An attorney whose contract as the city of Joplin’s public defender was terminated in 2010 because of a racial comment he made in open court has filed a lawsuit against the city, contending that his business has suffered as a result of public disclosure.
In the suit for unspecified damages, attorney Tom Mann alleges that city officials wrongfully released to the Globe a letter Mann wrote to the City Council.
The Globe sought the letter under the Missouri Open Records Law after having reported that the council had voted during a closed meeting to release Mann from the position. At a later meeting, council members mentioned having received a letter from Mann seeking reconsideration of the termination. Stories were published based on the contents of the letter, which revealed that Mann’s contract was being ended because of a racial comment he made in Joplin Municipal Court. He previously had been reprimanded for inappropriate comments in court, according to his letter.
Mann’s attorney, Bill Fleischaker, said the letter that was released to the Globe should have been kept confidential as part of Mann’s personnel file.
“He wrote the letter to the city defending himself, saying ‘I wasn’t a racist,’ then the city released that letter publicly,” Fleischaker said. “And the effect of it was to let the public know that the city has accused Tom of being racist.
“It was a personnel issue. It was a closed record, and they turned around and opened the record.”
City Attorney Brian Head said he does not think there is merit to the lawsuit. “I frankly don’t see the basis for this lawsuit, and we’re going to defend this vigorously,” he said.
Asked if independent contractors have the same personnel rights as workers who are employed directly by the city, Head said the city’s outside counsel, Karl Blanchard Jr., will handle the lawsuit. He said he did not know whether that will be an issue in the suit.
Blanchard said he did not want to comment on the defense of the case at this time.
In the city’s answer to the lawsuit, Blanchard notes that the letter Mann wrote to the City Council giving details surrounding the disciplinary case was disclosed to the newspaper. But, the disclosure was made pursuant to a request the Globe filed under the Missouri Sunshine Law.
Blanchard’s answer does not directly reference Mann’s status as an independent contractor, but the city’s response denies a contention in Mann’s lawsuit that his employment by the City Council and his communications to the council were “private matters in which the public has no legitimate concern.”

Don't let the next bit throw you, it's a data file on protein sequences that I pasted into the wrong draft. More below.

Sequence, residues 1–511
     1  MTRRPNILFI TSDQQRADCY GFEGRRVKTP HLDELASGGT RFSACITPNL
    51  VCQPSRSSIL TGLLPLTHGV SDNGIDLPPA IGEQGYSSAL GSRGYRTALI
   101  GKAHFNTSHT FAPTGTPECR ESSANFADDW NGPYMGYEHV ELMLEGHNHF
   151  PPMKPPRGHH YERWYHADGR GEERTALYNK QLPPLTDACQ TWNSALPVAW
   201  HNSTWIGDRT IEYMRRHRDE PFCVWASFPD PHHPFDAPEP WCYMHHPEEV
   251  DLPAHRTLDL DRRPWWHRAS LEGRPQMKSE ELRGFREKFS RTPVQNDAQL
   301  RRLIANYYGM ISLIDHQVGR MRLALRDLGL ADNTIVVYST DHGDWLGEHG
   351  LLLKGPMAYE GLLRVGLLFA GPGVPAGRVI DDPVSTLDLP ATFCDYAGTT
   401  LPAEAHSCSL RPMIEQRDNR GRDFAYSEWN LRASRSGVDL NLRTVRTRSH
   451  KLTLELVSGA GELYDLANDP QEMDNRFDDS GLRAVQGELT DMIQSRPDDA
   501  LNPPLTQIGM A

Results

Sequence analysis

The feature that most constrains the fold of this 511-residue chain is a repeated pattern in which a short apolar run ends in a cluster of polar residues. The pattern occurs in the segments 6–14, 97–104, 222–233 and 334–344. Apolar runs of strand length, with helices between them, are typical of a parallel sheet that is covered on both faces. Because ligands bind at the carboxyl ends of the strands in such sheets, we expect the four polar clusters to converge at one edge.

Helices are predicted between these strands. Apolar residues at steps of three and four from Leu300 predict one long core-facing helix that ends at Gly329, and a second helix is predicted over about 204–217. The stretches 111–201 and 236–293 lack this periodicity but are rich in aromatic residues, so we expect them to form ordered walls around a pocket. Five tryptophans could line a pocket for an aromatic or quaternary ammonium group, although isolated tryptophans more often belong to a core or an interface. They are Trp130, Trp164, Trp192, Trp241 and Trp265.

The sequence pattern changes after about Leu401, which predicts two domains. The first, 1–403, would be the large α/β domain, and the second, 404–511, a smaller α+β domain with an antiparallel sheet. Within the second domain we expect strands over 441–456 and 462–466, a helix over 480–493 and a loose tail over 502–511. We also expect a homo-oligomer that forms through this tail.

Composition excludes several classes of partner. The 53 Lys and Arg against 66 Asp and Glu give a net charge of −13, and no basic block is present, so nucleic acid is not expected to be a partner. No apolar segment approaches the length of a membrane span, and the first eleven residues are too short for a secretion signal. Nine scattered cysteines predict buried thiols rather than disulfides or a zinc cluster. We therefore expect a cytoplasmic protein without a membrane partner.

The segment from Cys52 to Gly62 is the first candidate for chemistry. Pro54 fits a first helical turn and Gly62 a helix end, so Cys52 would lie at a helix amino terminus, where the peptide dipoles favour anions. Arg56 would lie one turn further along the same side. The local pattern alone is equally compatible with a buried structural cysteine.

Mann did not return a message left with his secretary for comment.
He was the subject of a closed meeting held by the council Nov. 1, 2010. A vote was taken at the meeting. Mann was notified on Nov. 2 that he essentially had been fired. Three days after the meeting, the city, responding to Globe questions, disclosed as required by Missouri law that there had been a vote at the closed meeting. The vote was 7-2 to end Mann’s independent contractor status as public defender.
Later that month, council members discussed at an informal meeting how to proceed with the hiring of a new public defender.
During that discussion, the council talked about having received a letter from Mann asking that the council reconsider ending his contract. The council voted then not to give him the job back but to let him remain long enough to close out his pending cases.
The Globe filed a request under the Missouri Open Records Law for disclosure of the letter the council had discussed. The city argued against disclosure, but the Globe sought an opinion from Missouri Press Association lawyer Jean Maneke, who said the council’s discussion in a public meeting made the letter a public document. The city then released it to the Globe.
In the letter, Mann said he was “very remorseful for the comments that I made. Those comments were not becoming of an officer of the court.”
Later in the letter, Mann said he hoped to persuade the council to let him keep the job.
“I understand in this day and age that there is no toleration for that kind of statement, whether it was intended to be racial or just as a response to a gentleman’s persistence to get his case heard before other people ahead of him,” Mann wrote. He did not describe the comment further or give any more details as to what transpired in the incident that resulted in the council’s action.
“I apologized to the court personnel that were present that day,” Mann wrote.
Fleischaker, asked why the city should not have disclosed the letter when the incident happened in a public courtroom, said: “It doesn’t make any difference that it happened in public. It wasn’t public that the city was taking action against him. It’s not a question of what he said. It’s a question of what the city was doing about it.”
Fleischaker, asked how much business Mann has lost, said: “We don’t know because we don’t have the numbers. It has declined or has not grown at the rate he feels it should have grown based on those comments” in the newspaper. “It’s a very difficult thing to measure. The damage is done when the letter is disclosed.”
TOM MANN was the city’s public defender for 29 years as an independent contractor.